Wednesday, October 23, 2013

(Please note that I don't have experience with any other sewing machines, so my opinion is limited.  But if you're a beginner, this review could help you decide on purchasing your first machine.)

I got the Brother XL2610 (ordered from Amazon here) because the ratings and comments were the best in comparison to price.  It is selling for a discounted $99.  Most basic sewing machines seemed to be around $80-$140, which is reasonable considering all the little intricate mechanics that it's made up of.  I personally thought the pink design was cute and made it feel kind of personalized.

Basic features and accessories:  The XL2610 is a good weight - sturdy, but not nearly as heavy as a metal machine.  It features 25 different stitches, many more than you would need on a regular basis.  Inside the pull-out compartment is a pouch of various other tools - extra bobbins and universal needles, zipper, button, and quilting feet, etc. - great things to get you started when you don't know what you need.

Ease of use:  I was proactive and used a combination of the instructions and Youtube videos to show me how to do the basics.  The manual reads in English and Spanish (in separate paragraphs) but I have no trouble, because the English instructions are first, and bolded.  The steps are numbered and generally simple to understand.

Threading the needle is very straight forward, although I do have to occasionally tweak the automatic threader back into place so that it guides through the needle hole properly.  Threading the bobbin takes a bit of practice, but as far as the machine goes it hasn't jammed the bobbin.  I know in other machines there is a bobbin case that you tuck into the front, but this one is very easy and you just drop it inside the sewing plate.

Some of the Amazon reviews said that their threads were breaking and such, but I'm a total beginner and I have yet to have that happen.  I sometimes "lose" my thread when I first begin sewing because I didn't pull the top thread out enough and it flies back up, so I learned to clasp the top thread with the first two stitches.

The backstitch button is a lightweight push down lever.  It allows for speed with switching back and forth, but sometimes I wish it were a button like on more advanced machines, because otherwise I feel like I need three hands to feed the fabric through and push on the backstitch lever.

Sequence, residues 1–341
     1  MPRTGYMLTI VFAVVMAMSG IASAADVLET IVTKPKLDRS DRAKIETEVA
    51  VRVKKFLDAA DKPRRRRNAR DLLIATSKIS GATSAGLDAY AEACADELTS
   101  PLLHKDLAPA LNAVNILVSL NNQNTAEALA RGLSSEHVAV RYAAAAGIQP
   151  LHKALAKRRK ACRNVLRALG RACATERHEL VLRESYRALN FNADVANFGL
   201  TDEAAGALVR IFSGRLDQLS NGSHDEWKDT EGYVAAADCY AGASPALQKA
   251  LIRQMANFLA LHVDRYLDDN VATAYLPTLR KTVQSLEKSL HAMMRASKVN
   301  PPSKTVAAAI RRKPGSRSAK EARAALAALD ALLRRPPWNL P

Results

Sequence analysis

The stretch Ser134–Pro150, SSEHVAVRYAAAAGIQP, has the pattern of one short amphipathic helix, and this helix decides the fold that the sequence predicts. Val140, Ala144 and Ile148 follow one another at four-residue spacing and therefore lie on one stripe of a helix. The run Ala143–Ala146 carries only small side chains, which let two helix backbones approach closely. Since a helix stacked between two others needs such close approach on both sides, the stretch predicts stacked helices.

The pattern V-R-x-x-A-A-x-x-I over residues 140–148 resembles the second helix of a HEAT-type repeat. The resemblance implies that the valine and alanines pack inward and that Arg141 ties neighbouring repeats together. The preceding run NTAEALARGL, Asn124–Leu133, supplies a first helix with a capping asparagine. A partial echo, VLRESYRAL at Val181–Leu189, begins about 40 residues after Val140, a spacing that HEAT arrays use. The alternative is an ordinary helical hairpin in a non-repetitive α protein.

I wish there was more space in the arm so that larger garments didn't bulk up as much, but you only get that feature with the much fancier professional machines.

Durability:  This has a plastic shell and plastic knobs, bobbins and such, but it feels very durable even when carried around.  There is a "handle" groove in the back specifically for carrying.  I've sewn at least five decently involved projects now, and I am just now thinking that I might need to oil it.

With the universal needle I was able to sew through several layers of stubborn cotton without too much difficulty.  Online reviews said that it handles heavy denim material too.  It makes a bit of a "crunching" sound with thick layers that could be worrisome, but you just have to go slowly.  Sew "by hand" by cranking the handwheel for the difficult areas if needed.

Overall rating: 4.5/5.  Definitely a good buy.

Avoid sewing mistakes that I've made:

Test on a small piece of your fabric.  It is important to tweak the stitch length, width, and tension so that bubbles don't form and that your seams aren't too loose/tight.

- Keep an eye on your bobbin and make sure it has enough thread to finish your next "line."  When it runs out, you'll still have your top thread, but the stitches won't form because they're lacking the bottom thread from the bobbin.  It's troublesome when this happens in the middle of a seam.

- If you backstitch too quickly, your fabric can bunch or jam, or the stitches will bubble or bunch in the back and make it difficult to detach the garment.

- Make sure your needle matches your type of fabric.  For example, jersey is a lightweight fabric that stretches, bunches, and gets stuck in the sewing plate easily.  Switching from a universal to a ballpoint needle keeps this from happening.  The manual has a table on what needles to use for what fabrics.

Hope this helps!

Update Aug. 2, 2014:

After a year of sewing experience, I think my main complaint with this machine is that my buttonholes still do not come out symmetrical, even after following my sewing instructor's directions exactly and trying over 10 holes at once.  One side comes up tight, one side comes up spaced out, even after adjusting the little knob above the wheel.  Apparently that's just how cheaper machines are.  


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What is most interesting is fashion when it's living. I find it inspiring when people dress well - but in their unique interpretation. Searching for people who enjoy having fun with their style and make their own statements. If you want your picture removed, don't hesitate to contact me!
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